Lived now long enough in Indiana to consider myself a Hoosier, or at least an adopted Hoosier. Indiana is my home, and there is no place else I want to be. (This being said in spite of certain Missouri readers inflicting an unfortunate connotation on the word "Hoosier.") In any case, I possess no desire to leave the Great State of Indiana.
It seems, however, that I may have to choose whether I want to live in a "Red State" or a "Blue State." Which color Indiana is I'm not certain (nor even sure why it must be either Red or Blue). But the color of your state is a package deal; you get one or the other.
Also uncertain as to which color State I wish to abide in -- what with being what pollsters call "undecided."
From all I can gather of the white-noise called TV, this is what I conjecture a Red State is:
Red-Staters are against all those mean, despicable things which never would have been tolerated by the Founding Fathers. It is one's Red-Stater duty to oppose anything not envisioned and/or provided for by the omnipotent Founding Fathers. Their writing, so we hear, reflects clear and well delineated teachings of the Good Book; although no one can quite find where.
To Red-Staters, also, the good of the many are more important than the need of the few, especially if the good can be inferred from the Good Book.
Mostly Red-Staters are against TAXES! "Taxed Enough Already" is not only a mantra, it is a Holy Cause. If Red-Staters have to sacrifice the poor to achieve this end, so be it (I do find the poor mentioned in the Good Book). Fortunately for all involved there are a lot of very rich Red-Staters able and willing to finance opposition to any attempt to allow taxes to rise. This they do out a pure and untainted sense of public duty, enduring with chagrin any inconsequential personal benefit such a policy entails.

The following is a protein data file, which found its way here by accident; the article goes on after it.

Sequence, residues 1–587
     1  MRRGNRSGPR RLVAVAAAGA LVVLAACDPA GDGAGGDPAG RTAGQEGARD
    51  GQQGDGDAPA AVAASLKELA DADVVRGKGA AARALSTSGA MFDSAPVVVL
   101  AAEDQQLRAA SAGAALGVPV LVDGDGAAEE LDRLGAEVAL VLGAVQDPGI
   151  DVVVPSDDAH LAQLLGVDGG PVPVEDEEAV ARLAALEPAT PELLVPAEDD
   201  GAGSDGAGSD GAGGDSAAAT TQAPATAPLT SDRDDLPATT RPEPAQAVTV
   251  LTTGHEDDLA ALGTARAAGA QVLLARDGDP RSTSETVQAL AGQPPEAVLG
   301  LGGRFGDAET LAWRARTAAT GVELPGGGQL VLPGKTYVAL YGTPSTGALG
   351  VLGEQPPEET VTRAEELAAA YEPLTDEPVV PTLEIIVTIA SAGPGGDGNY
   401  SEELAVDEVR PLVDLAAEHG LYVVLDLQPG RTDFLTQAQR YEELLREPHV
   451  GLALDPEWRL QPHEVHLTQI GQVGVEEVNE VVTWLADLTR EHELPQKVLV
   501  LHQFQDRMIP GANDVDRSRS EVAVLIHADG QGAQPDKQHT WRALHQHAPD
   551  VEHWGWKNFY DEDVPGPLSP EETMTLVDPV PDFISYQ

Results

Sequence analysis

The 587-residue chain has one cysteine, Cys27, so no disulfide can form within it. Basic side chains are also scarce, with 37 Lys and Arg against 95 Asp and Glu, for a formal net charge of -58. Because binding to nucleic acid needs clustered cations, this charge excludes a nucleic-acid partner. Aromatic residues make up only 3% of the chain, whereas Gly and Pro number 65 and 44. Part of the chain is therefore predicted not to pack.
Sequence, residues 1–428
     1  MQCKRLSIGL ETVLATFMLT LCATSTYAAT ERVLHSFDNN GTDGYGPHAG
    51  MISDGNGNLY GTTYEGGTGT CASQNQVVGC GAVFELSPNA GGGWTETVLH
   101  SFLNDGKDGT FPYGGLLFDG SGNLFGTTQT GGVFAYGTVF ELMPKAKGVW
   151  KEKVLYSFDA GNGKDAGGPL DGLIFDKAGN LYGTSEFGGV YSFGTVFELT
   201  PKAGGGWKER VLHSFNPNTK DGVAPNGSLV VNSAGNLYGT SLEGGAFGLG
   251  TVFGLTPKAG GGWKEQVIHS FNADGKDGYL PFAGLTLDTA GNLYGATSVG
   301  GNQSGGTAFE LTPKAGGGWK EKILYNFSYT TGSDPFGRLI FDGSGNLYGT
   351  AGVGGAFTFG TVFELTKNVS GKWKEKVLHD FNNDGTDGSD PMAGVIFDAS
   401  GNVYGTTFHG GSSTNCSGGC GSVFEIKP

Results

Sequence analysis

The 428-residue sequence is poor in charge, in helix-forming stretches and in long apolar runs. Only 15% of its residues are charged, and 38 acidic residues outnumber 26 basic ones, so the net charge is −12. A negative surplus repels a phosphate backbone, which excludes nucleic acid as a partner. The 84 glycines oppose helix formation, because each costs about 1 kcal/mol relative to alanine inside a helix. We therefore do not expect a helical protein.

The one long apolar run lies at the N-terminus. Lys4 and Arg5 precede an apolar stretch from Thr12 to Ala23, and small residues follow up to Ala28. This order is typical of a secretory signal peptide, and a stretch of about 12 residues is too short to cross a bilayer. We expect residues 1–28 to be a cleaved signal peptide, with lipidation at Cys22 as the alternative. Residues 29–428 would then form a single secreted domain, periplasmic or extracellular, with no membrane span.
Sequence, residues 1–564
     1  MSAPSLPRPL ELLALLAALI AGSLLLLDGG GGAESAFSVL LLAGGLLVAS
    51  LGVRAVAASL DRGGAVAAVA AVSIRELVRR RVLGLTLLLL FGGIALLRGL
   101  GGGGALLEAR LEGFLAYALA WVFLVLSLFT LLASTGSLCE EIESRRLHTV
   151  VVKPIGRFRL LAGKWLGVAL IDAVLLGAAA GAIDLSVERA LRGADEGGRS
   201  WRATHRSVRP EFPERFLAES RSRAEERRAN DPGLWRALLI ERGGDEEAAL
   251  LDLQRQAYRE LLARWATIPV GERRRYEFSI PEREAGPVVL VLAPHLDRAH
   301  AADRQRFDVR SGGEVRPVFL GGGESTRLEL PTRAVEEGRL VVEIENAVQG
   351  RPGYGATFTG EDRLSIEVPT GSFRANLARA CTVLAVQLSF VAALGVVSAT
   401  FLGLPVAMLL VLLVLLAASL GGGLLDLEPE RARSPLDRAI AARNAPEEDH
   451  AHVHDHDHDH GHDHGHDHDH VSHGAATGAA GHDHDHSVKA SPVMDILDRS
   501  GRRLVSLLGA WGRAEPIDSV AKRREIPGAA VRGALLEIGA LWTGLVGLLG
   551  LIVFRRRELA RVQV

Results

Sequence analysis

On the other hand, from all I can gather of the TV white-noise, this is what I conjecture a Blue State is:
Blue-Staters believe the Constitution was so simple because it was intended to grow with the nation. The Founding Fathers always intended for five lifelong lawyers to decide what said Fathers would have/might have meant if only they knew what they were getting us into. The Blue-Stater goal is not to know what the Fathers would have done, but to get five Blue-Staters on the Supreme Court.
Blue-Staters figure the needs of the few are just as important as the rights of the many -- provided the few scream loud enough.
And, Blue-Staters proclaim every one ought pay their fair share of taxes, depending on how fair the American enterprise system has been to each one. Fair, of course, depending on whether or nor each "one" may need some special consideration or exemption or deduction. Such need not too un-often depending of the needees support of a particular Blue-State electee.
I love Indiana, but if I ever love another State it is going to have to be Purple.